Growth, sprawl and affordable housing were among the hot button topics at the Denver Metro Mayors Real Estate Forum held Wednesday at the Wheat Ridge Recreation Center. 

Mayors Bob Murphy (Lakewood), Joyce Jay (Wheat Ridge) and Marc Williams (Arvada) were joined by Jefferson County Commissioner Don Rosier in a wide-ranging 90 minute discussion about the key issues driving the Jefferson County real estate market.

In a market where prices have risen 20 to 30 percent in just the past three years, affordable housing remains a critical issue.  And Colorado's controversial "construction defects law", which essentially creates uncapped liability for developers of multi-family residential housing, remains one of the biggest challenges to creating much needed entry-level housing inventory.

"The trial lawyers in this state have essentially killed multi-family construction," said Rosier, who is hopeful that a newly-elected group of legislators will enact reform during the 2015 legislative session.  As a result, virtually all of the high rise construction going on in Denver these days is apartments, not condos.  

Lakewood mayor Bob Murphy spoke of his city's recent well-publicized efforts to mitigate the impact of the construction defects law at the city level.  "We haven't built a condo in Lakewood in six years," he said.  "That has got to change."

Lakewood's measure, which passed the city council on a controversial 7-4 vote last month, gives developers and builders the right to repair defects before facing litigation and would require condominium association boards to get consent from a majority of homeowners - rather than just the majority of the board - before filing suit.

Until a more sensible statewide law is passed, Murphy said, the affordable housing shortage in the Denver metro area will only intensify. 

Mayor Joyce Jay of Wheat Ridge pointed to a number of infill developments in her city currently under construction or in the planning stages which specifically target older residents.  A new development under construction at 24th and Vance will create 50 new housing units, while another infill development for patio homes near 32nd and Wadsworth will offer seniors lower maintenance patio homes.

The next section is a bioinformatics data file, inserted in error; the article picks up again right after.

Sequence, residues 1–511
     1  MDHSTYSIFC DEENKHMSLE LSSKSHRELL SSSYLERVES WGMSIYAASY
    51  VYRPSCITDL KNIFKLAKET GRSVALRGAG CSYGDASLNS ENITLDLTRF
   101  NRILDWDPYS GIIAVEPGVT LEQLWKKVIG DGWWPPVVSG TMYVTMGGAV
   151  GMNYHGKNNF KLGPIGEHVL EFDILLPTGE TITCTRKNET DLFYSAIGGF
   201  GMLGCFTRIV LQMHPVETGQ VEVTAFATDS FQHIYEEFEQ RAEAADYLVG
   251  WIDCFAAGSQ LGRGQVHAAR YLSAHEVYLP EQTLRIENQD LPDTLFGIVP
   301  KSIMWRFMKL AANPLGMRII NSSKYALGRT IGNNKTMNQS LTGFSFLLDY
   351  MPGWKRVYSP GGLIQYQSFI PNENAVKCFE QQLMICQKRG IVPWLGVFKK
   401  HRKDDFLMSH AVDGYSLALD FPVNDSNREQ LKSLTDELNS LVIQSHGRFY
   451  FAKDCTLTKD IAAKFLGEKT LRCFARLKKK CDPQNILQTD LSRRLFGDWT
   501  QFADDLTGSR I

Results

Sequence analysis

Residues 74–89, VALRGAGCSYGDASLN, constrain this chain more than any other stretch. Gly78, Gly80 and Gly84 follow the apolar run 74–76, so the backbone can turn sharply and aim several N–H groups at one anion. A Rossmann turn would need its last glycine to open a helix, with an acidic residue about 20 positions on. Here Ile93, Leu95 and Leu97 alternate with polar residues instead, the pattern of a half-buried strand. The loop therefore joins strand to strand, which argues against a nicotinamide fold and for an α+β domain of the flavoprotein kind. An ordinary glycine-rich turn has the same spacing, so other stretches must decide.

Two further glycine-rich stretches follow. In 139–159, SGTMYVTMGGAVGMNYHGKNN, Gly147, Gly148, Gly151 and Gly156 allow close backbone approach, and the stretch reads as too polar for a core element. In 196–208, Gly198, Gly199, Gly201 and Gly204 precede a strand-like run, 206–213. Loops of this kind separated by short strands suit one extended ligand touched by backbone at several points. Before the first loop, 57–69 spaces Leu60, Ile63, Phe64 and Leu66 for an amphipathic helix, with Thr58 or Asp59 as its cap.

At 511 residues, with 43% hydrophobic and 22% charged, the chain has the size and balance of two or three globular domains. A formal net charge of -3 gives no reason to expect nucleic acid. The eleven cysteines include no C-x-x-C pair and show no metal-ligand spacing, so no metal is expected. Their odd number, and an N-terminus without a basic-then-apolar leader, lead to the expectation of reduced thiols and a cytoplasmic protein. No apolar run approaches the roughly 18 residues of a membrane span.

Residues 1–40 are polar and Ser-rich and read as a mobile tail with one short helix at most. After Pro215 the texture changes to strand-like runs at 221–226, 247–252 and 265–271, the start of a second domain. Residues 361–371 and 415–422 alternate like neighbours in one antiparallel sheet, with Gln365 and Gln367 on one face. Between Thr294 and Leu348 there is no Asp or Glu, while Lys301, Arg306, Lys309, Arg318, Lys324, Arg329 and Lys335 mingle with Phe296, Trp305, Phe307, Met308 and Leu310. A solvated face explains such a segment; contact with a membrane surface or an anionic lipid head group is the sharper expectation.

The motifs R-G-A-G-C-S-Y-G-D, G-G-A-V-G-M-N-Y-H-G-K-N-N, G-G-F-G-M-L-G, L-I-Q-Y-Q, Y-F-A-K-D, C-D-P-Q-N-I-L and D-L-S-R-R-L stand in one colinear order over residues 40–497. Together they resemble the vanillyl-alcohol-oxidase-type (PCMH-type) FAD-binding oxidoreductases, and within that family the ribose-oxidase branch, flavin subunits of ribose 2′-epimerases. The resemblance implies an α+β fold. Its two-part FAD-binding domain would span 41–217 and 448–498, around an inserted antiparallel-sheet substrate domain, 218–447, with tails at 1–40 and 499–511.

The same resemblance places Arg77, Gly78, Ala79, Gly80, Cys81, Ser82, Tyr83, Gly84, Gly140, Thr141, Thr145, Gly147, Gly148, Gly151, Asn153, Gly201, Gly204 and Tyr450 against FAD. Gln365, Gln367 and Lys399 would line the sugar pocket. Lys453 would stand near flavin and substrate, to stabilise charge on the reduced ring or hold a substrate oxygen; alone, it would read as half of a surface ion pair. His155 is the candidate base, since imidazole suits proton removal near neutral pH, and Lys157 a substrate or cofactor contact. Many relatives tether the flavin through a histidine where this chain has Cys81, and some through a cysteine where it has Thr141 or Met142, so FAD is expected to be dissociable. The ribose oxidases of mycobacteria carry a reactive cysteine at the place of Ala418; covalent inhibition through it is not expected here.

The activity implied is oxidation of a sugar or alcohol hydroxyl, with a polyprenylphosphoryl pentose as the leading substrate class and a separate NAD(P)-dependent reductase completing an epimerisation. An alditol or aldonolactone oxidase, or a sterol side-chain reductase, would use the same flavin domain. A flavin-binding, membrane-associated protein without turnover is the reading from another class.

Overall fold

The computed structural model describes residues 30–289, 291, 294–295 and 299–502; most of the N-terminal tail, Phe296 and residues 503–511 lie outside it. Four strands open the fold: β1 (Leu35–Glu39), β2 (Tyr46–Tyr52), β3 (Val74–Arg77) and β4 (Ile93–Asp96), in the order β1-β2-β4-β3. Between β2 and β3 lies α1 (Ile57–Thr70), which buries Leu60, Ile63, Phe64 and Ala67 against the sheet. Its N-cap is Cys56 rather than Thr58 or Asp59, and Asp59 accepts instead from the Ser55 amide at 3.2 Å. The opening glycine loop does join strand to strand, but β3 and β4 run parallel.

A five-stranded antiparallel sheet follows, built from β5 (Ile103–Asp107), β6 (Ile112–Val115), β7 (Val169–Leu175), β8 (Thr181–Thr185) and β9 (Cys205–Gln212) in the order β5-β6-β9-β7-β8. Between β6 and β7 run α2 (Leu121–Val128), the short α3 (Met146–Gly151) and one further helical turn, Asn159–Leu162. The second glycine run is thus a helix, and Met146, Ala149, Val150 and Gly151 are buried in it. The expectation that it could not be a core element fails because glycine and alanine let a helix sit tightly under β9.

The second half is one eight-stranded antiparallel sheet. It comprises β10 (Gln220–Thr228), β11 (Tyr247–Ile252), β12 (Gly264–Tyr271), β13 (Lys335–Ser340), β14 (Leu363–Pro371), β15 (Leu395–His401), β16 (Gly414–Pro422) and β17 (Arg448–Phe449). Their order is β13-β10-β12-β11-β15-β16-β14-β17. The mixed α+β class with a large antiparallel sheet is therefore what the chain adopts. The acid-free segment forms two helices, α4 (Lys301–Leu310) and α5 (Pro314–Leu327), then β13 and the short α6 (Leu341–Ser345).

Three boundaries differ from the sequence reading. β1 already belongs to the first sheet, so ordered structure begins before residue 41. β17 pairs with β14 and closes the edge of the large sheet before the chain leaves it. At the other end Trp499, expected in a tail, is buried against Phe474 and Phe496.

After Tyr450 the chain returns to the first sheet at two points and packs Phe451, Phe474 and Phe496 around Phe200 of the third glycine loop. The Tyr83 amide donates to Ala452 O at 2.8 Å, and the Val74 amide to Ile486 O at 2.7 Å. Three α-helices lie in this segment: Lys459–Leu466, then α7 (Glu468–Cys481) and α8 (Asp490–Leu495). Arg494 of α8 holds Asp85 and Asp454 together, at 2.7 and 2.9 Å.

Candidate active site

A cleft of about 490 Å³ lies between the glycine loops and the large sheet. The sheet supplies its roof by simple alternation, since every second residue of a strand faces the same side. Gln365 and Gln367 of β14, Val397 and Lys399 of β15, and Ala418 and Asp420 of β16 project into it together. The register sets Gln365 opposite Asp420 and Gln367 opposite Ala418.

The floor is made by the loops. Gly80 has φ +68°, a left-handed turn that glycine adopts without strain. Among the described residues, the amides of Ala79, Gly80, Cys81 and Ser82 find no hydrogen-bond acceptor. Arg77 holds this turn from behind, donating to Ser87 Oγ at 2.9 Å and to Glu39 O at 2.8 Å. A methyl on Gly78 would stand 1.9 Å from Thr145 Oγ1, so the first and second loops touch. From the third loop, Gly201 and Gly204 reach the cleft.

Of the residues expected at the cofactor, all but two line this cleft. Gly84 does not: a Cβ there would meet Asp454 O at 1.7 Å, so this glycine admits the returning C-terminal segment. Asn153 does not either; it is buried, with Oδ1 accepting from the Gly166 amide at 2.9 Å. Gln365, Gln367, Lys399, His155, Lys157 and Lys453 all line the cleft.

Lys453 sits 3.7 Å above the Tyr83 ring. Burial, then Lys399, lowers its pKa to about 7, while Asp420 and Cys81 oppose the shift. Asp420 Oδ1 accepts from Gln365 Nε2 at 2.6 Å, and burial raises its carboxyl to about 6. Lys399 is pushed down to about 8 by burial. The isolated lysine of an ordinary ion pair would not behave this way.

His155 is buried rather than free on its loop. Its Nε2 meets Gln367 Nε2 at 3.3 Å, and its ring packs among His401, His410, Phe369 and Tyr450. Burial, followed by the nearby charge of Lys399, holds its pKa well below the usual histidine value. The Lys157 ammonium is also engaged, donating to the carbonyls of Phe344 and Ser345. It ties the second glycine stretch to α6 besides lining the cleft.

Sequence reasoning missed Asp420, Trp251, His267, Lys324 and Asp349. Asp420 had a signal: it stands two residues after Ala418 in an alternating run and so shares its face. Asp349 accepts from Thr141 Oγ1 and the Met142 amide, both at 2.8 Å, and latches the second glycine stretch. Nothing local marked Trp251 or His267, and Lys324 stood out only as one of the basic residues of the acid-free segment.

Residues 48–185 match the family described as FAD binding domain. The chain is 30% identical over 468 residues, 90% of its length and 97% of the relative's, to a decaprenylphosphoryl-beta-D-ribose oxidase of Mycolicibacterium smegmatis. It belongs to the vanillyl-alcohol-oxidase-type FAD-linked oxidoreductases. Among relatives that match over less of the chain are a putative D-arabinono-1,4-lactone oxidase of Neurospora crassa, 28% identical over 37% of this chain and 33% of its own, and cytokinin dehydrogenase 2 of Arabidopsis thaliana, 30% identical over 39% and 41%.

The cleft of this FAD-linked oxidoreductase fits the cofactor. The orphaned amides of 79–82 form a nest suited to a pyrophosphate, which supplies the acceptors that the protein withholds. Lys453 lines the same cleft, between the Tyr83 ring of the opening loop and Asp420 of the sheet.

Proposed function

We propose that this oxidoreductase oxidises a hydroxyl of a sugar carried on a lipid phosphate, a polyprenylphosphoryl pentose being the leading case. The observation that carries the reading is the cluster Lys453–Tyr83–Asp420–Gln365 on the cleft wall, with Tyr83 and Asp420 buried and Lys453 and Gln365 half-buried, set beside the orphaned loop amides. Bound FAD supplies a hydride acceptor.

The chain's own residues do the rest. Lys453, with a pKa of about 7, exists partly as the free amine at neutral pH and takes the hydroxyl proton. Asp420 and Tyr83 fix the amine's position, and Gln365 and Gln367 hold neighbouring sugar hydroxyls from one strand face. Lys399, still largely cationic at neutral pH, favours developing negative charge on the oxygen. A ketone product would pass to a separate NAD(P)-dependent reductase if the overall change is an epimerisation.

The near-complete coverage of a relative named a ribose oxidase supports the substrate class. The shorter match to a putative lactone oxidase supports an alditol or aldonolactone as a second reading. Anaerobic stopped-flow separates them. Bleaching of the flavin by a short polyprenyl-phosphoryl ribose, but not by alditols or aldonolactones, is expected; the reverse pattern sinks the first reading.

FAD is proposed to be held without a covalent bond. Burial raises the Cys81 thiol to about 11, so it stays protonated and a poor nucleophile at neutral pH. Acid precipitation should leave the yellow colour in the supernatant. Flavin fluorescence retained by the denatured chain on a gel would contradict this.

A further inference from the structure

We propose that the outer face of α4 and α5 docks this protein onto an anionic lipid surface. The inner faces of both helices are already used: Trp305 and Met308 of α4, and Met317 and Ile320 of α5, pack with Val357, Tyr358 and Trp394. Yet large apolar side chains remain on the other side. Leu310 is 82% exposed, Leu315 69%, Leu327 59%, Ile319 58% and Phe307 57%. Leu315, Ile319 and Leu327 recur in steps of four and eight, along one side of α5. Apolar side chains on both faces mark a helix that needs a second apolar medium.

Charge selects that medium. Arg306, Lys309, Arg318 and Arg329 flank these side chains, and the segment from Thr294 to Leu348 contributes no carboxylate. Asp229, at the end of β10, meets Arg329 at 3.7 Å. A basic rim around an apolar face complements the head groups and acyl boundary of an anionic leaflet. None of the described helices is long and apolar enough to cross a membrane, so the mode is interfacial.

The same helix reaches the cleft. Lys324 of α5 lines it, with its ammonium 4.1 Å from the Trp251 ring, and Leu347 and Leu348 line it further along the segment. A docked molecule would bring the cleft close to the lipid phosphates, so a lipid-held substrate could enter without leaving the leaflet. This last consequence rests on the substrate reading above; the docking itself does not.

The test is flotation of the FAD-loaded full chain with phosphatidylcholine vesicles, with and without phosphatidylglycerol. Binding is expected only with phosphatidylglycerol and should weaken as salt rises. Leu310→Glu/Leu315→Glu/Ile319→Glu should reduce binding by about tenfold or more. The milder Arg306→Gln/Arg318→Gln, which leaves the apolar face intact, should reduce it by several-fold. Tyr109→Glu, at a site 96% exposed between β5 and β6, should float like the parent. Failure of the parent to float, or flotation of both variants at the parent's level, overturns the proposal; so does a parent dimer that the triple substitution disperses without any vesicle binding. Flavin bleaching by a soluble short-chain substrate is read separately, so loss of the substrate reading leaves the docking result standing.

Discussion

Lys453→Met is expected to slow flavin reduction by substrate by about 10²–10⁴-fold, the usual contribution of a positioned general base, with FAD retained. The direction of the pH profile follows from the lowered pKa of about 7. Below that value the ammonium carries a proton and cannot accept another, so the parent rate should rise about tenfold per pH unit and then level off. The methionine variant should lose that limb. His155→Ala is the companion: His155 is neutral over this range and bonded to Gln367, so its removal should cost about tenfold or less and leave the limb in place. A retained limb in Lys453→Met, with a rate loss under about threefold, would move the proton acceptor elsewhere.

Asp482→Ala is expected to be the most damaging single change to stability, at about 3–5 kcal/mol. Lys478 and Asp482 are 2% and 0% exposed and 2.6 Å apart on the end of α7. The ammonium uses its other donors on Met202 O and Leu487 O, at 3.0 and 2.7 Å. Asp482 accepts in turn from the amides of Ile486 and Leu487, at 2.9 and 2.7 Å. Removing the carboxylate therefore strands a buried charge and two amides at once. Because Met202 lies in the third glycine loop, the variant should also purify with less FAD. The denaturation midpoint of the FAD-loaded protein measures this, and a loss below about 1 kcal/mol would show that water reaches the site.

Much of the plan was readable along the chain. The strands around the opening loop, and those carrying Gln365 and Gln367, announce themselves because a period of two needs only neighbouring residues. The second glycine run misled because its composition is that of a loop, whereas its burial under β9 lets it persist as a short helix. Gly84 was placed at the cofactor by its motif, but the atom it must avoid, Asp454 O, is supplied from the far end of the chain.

"We've got to find a way to create new housing options for seniors to free up single family homes in many of our older neighborhoods," she said.  "If seniors can't move out, younger people can't move in."

Because of the soaring costs of land, labor and construction, urban density is here to stay.  Going forward, she said, more developments will be based on sustainability, efficiency and access to FasTracks, which will transport thousands of people each day to and from Union Station.

Arvada Mayor Marc Williams talked about much of the new development and redevelopment going on in his rapidly-growing city of 110,000 residents.  Massive new single-family construction projects in Leyden Rock, Candelas and Whisper Creek are putting huge pressure on the city's infrastraucture and transportation corridors, while redevelopment of the Arvada Triangle (now known as the Ralston Creek area) will include dense urban infill projects including apartments, condos and mixed-use neighborhoods.  

"One thing we're going to see going forward," Williams said, "is with thousands of convention visitors coming to Denver each year, more and more of them are going to get out of the city, hop on the Gold Line and make day trips to places like Olde Town Arvada."

Another topic of much discussion is the county's overall graying population.  

"We have the largest number of residents 60 and older of any county in Colorado," said Rosier.  "And that number is going to double in the next six years."

Senior housing options are a front-burner item for almost every city in Jefferson County, because the homes seniors are in today could be freed up for younger families (with larger incomes and more spending power) if seniors simply had better options on the other side.

Each of the mayors talked about up and coming areas of their cities.

Nearly 75 acres of land in Denver's Federal Center will soon be redeveloped to accommodate between 700 and 1300 new homes.  Ryland Homes has significant plans for the Green Gables area, including patio homes, apartments and mixed use neighborhoods with residential units over retail spaces, similar to those found in Belmar.

But affordability is not an easy problem to solve.  Land costs are higher.  Labor costs are higher.  Material costs are higher.  Permitting and environmental impact costs are higher.  Infrastructure will be paid for by homeowners through special taxing districts.  The net effect is that building the same home today is significantly more expensive than it was just four or five years ago, and those costs are passed directly through to the homeowner.

"We simply don't have $200,000 entry-level homes anymore," said Rosier.  "I fear those days are gone for good."